The government also authorized the use of U.S. SM-3 interceptor missiles as part of Japan's two-layer missile shield, following a successful test of the missile earlier in December.
Japan's determination to boost its missile defenses was strengthened after North Korea conducted a series of ballistic missile tests in July 2006, and an underground nuclear test explosion three months later.
Under a December 2004 missile defense cooperation arrangement with the U.S., Japan is planning to build by 2011 a missile-defense network comprising sea- and land-based components.
The U.S. sea-based SM-3 interceptor missiles are designed to intercept incoming ballistic missiles in mid-trajectory at altitudes up to 300 kilometers (about 190 miles), while land-based U.S. Patriot PAC-3 systems, which will be deployed at four ground-to-air missile units, are expected to shoot down missiles before they hit the ground.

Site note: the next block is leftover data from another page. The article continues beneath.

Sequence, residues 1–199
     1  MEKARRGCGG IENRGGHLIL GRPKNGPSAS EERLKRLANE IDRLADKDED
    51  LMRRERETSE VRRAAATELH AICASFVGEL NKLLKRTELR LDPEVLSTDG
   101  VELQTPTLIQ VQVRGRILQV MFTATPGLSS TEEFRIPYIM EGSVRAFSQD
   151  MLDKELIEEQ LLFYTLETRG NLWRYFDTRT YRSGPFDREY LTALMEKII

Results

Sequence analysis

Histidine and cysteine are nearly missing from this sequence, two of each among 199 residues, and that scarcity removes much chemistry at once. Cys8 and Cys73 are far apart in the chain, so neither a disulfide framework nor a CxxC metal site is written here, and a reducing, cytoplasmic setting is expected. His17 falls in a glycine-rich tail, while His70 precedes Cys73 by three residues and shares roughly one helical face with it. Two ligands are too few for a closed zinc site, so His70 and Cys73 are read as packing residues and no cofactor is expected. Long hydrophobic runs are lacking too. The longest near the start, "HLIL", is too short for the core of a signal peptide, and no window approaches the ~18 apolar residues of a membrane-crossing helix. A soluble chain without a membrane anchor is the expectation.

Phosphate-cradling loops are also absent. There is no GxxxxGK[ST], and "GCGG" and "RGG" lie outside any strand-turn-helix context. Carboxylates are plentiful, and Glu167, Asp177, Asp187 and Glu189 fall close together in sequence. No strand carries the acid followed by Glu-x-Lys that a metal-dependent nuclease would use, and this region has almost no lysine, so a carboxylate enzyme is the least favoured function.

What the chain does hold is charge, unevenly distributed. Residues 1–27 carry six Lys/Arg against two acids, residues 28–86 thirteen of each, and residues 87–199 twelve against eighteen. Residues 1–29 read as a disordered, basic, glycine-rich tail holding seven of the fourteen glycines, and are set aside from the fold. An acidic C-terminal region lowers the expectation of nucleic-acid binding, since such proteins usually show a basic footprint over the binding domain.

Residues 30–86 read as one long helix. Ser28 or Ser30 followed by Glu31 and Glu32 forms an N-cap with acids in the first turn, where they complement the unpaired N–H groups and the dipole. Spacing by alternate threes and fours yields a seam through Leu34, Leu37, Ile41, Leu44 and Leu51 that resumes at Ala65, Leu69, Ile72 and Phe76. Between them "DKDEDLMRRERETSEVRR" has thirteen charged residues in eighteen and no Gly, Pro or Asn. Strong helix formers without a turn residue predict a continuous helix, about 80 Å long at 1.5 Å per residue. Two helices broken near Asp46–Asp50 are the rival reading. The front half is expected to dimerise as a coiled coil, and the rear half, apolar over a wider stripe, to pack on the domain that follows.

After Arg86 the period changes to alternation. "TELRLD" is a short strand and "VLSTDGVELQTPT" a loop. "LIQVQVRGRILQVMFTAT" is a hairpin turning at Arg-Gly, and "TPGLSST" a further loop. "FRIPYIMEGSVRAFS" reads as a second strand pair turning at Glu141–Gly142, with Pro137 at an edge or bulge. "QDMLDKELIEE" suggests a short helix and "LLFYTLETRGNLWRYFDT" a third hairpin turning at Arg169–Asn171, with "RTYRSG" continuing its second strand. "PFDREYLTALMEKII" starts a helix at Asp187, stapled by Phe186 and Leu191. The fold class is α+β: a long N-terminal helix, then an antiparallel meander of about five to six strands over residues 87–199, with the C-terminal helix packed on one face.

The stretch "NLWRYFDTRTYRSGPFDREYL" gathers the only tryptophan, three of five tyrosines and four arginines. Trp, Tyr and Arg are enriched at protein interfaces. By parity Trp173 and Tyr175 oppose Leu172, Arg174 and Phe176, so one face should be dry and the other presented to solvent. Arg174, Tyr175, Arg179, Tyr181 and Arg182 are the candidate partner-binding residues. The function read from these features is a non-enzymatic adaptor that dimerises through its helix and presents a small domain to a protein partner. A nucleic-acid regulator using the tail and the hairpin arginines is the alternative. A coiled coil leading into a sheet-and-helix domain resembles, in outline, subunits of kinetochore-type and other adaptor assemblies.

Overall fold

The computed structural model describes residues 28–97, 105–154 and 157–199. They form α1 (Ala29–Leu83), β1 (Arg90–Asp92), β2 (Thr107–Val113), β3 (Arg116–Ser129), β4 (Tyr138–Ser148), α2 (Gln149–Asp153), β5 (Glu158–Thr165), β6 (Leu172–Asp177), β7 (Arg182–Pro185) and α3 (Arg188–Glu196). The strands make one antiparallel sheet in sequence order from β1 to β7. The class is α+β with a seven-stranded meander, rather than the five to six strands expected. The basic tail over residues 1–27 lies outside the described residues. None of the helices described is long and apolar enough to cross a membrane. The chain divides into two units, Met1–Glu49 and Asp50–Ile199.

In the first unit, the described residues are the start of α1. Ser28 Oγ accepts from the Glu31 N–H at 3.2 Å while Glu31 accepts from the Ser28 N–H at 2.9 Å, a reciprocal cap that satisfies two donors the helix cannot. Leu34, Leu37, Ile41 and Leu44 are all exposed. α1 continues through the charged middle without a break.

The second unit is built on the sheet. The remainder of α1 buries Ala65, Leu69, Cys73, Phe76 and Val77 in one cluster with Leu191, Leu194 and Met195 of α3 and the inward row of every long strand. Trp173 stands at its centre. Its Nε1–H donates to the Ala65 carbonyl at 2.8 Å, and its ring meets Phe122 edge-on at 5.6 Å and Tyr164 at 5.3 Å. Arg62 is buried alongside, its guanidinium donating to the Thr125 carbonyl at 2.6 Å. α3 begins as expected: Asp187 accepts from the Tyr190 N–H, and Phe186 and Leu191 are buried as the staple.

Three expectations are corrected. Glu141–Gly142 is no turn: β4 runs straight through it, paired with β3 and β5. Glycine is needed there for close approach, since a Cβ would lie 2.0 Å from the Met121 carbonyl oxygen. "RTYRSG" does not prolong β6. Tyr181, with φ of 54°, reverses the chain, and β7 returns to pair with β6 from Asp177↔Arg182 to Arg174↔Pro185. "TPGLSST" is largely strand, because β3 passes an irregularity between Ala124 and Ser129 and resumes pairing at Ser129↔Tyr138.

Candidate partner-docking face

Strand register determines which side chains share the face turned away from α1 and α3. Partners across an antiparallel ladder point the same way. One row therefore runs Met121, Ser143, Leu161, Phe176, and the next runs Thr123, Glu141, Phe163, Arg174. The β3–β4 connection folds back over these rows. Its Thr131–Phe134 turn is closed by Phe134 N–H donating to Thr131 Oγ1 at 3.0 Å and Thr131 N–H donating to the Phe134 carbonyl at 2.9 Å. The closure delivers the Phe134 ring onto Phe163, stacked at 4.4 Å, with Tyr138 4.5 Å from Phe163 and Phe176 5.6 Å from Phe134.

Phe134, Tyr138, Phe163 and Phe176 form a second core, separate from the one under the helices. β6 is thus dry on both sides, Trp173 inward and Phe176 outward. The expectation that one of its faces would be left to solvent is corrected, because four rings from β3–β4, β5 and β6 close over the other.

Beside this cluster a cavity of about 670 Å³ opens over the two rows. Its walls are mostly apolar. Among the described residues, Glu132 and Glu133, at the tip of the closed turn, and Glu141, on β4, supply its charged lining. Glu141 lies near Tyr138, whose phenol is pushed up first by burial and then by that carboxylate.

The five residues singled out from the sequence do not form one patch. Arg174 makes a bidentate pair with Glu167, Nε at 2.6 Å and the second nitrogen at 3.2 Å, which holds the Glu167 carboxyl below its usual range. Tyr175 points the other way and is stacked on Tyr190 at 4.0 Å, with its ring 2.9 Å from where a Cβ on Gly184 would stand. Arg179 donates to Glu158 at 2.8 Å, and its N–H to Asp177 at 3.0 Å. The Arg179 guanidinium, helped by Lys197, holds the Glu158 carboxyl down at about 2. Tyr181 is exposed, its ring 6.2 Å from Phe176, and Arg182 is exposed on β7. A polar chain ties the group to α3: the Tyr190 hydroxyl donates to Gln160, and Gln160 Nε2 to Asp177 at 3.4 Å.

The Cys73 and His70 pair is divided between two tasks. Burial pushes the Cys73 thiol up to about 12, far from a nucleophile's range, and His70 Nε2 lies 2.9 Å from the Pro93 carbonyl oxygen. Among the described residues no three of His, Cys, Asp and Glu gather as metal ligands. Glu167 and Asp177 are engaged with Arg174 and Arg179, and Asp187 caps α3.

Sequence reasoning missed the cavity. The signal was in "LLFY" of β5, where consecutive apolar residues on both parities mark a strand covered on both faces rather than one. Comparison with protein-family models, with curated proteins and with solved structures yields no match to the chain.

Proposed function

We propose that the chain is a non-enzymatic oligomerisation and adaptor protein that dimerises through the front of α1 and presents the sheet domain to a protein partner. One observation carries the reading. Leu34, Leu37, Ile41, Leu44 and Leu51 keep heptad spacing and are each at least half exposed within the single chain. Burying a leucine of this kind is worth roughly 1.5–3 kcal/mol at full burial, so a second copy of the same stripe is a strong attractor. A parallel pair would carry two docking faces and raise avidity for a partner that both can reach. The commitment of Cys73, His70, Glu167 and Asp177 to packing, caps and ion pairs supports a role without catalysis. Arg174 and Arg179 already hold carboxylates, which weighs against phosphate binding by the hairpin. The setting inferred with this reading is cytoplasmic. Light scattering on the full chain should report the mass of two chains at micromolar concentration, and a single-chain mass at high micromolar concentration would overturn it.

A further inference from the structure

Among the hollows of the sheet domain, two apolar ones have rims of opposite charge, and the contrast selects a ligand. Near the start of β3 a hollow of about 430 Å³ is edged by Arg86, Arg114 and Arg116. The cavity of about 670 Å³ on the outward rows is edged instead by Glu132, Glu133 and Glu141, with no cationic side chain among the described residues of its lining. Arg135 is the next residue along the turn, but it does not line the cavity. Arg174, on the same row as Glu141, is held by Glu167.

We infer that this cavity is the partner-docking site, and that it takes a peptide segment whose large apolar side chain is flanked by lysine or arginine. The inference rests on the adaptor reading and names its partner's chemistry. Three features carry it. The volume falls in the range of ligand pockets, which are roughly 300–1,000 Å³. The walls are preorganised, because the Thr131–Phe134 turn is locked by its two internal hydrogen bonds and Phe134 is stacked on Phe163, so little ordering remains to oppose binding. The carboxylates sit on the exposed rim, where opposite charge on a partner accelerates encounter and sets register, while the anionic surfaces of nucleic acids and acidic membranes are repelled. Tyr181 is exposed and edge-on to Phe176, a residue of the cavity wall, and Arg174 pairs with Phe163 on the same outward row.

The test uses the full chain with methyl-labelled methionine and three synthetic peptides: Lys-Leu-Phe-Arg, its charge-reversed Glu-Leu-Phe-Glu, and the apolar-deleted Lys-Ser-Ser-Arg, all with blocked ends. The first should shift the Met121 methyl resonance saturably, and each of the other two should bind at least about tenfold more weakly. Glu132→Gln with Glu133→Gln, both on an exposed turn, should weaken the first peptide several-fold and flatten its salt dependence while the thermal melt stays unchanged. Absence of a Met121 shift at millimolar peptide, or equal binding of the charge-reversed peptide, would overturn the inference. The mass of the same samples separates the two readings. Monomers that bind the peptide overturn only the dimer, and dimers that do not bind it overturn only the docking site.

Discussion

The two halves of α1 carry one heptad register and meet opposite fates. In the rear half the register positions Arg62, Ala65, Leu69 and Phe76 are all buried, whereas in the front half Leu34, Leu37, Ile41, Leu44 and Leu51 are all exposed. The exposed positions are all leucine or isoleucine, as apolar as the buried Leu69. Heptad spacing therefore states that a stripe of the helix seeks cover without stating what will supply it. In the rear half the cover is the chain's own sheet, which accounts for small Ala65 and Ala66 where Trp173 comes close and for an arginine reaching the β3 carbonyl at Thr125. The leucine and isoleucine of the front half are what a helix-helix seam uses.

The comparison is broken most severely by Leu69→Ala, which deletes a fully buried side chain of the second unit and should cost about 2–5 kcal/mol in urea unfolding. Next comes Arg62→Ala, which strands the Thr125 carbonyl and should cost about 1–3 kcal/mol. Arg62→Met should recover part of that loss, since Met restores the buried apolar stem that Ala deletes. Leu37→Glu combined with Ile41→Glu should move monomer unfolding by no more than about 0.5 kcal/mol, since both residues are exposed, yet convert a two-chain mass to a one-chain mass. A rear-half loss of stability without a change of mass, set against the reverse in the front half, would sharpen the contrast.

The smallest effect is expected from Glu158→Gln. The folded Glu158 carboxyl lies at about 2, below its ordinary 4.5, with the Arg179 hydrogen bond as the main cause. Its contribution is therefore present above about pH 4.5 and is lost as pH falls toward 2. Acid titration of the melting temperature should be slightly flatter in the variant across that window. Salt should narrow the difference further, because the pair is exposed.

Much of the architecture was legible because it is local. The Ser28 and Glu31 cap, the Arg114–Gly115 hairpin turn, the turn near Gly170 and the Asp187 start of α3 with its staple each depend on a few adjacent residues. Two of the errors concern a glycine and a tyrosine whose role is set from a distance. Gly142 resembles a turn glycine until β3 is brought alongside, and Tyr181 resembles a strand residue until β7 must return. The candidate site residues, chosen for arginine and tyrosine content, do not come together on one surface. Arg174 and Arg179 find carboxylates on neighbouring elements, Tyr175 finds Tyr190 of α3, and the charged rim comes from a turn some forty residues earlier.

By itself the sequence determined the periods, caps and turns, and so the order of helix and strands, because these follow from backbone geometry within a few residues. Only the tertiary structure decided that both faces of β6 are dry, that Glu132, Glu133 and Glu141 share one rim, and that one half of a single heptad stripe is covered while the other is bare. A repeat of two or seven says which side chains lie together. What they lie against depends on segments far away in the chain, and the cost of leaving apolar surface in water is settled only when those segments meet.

During a test-launch on December 17 from the Japanese Aegis-equipped destroyer Kongou, an SM-3 interceptor shot down a simulated target over the Pacific near Hawaii.
Commander of Japan's Maritime Self-Defense Force (MSDF) Eiji Yoshuikawa said at the time that the success of the test would mean that Japan "could be able to destroy foreign missiles by the end of the year."
Japan may arm four of its Aegis-equipped destroyers with SM-3 interceptor missiles by March 2011.
Tokyo and Washington are planning to conduct in January 2008 their first joint exercises on countering a potential missile attack.